The Nassar Case Victims Are Being Supported By This Compassionate Judge
As of Tuesday, Jan. 23, nearly 140 women and girls have publicly given damning statements against former USA Gymnastics doctor Larry Nassar. Over the past few years, Olympic athletes and gymnasts have come forward with allegations that Nassar sexually abused them during medical treatments, all leading up to his sentencing hearing in court that began last week in Michigan. As the victims' emotional accounts have sparked national attention and support, people have been wondering who Judge Rosemarie Aquilina is, the woman overseeing the hearing and ultimately giving the 140 girls and women permission to tell their story loud and clear.
As each woman delivered her statement in court, Aquilina has been there with vocal support, thanking and commending their strength to speak up. Aquilina's incredible compassion was put on display following the emotional statement by Olympic gymnast Jordyn Wieber, who had not previously spoken publicly about Nassar. Aquilina told Wieber, who had tears in her eyes,
You have an Olympian voice. People will listen to you; I've listened to you. You are really very strong, not just as an athlete, but as a woman, as a survivor. I know you'll get past this because of that strength, because you had the strength to come here and talk. It's really important, because what you're doing is helping to set a new precedent that all victim-survivors should speak out, and that all victims have a right to speak out.
... You have already — with what you've done in our community and so many others and in the world — molded so many young minds and people. What you've just done now is equally important — maybe more important — because they will listen to you. They will speak out like you. They want to be you. You have nothing to be ashamed about. I'm so honored that you came to tell your story here today. Thank you.
Aquilina has authored multiple crime novels and served in the Michigan Army National Guard for 20 years, according to The New York Times; she has also been a fierce advocate for the victims coming forward against Nassar. After one young woman gave her personal impact statement, for instance, Aquilina told her, “Leave your pain here, and go out and do your magnificent things.”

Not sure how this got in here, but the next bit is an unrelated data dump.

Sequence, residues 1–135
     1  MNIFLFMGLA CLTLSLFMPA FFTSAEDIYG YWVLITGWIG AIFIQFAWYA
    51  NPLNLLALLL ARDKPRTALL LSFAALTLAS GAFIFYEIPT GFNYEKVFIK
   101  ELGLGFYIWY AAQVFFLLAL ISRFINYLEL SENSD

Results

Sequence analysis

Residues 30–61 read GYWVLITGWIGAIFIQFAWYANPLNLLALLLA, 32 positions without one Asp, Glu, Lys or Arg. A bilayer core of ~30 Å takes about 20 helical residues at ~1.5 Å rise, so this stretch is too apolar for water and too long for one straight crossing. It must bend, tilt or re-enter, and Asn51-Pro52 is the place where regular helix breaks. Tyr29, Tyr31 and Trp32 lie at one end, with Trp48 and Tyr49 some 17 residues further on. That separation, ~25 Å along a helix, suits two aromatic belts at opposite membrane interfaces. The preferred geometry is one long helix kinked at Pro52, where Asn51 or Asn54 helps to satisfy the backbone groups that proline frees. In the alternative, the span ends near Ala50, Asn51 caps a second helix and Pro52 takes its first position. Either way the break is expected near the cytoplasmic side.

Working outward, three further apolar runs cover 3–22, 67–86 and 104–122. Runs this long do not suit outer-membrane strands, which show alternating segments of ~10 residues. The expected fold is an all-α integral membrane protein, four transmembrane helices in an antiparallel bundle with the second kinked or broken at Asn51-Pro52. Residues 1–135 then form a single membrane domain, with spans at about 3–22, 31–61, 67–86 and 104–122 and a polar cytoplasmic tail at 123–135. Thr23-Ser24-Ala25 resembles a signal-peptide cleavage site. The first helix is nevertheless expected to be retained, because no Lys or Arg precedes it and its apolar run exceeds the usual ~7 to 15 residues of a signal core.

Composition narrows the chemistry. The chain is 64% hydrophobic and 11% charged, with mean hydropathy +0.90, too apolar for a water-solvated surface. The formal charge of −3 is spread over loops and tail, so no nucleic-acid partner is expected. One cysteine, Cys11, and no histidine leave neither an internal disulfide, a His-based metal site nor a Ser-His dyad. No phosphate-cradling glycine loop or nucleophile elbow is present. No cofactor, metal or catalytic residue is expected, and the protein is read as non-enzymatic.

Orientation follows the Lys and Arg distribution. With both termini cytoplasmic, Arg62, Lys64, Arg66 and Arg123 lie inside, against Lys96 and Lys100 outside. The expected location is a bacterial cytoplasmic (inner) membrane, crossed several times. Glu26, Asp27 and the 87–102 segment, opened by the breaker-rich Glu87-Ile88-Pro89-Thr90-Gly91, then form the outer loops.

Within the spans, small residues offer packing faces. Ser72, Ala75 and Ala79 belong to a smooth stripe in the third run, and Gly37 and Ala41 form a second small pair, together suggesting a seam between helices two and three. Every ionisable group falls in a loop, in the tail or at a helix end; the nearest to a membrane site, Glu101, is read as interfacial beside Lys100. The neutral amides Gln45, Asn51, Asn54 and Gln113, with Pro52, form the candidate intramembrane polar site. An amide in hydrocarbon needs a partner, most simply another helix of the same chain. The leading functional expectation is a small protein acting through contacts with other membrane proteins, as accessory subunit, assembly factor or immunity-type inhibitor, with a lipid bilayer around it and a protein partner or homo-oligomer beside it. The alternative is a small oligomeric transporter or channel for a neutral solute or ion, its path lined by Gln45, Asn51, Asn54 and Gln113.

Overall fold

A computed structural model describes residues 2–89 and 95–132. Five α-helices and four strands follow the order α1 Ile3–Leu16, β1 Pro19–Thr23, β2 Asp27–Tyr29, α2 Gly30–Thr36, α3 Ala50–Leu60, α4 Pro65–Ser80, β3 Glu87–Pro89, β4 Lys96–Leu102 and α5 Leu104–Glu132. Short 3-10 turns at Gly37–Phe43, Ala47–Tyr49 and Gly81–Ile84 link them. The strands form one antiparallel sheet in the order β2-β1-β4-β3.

Nassar pleaded guilty to 10 counts of first-degree sexual criminal conduct, as well as federal child pornography charges. He was sentenced to 60 years in prison for child pornography charges and is facing up to 40 years for the sexual criminal conduct charges in his current hearing.
The impact statements are an opportunity for women and girls to come forward and deliver personal accounts to the judge and Nassar himself about his charges. On Monday, Jan. 22, Aquilina told another woman, referencing back to her days in the National Guard, “The military has not yet come up with fiber as strong as you." She went on to call her a “heroine” and a “superhero" and said, "Thank you so much for being here, and for your strength.”
According to The New York Times, court officials had initially expected 88 women to speak at Nassar's hearing last week, but the number has escalated to 158 statements in the courtroom as of Tuesday, Jan. 23. One woman, Whitney Burns, who was counted as the 125th speaker on Tuesday, said she was originally not going to speak out and give a statement, but she said, “hearing the voices of my peers has given me the strength to tell my story.”
Aquilina has been present for all 158 statements and has made it very clear that she wants to see Nassar behind bars for the rest of his life. She has been clear in where her sentiments lie in this court. Case in point: Nassar wrote the Michigan judge a letter last week asking her to stop the women and girls from giving any more impact statements because they were "too difficult to listen to." The judge denied fervently his request saying, "You spent thousands of hours perpetrating criminal sexual conduct on minors. Spending four or five days listening to them is significantly minor considering the hours of pleasure you had at their expense and ruining their lives. None of this should come as a surprise to you."
Aquilina opened her courtroom to coaches and parents who would like to give public statements as well, and has given no time constraints on any of the impact statements. That was most evidently seen when USA Olympic gymnast Aly Raisman gave an intensely moving 13-minute statement directed at Nassar.
Some of the parents, including Doug Powell, whose daughter provided an impact statement, thanked Judge Aquilina for the support she has given to the women that have come forward, according to The New York Times. "Judge Aquilina, I applaud you. We applaud you. This room applauds you," Powell said.
The victim impact statements were not expected to last five days, but more and more women have come forward unexpectedly. However, based on Aquilina's attentiveness and proven support, it seems she will keep the hearing going as long as women keep coming forward to speak.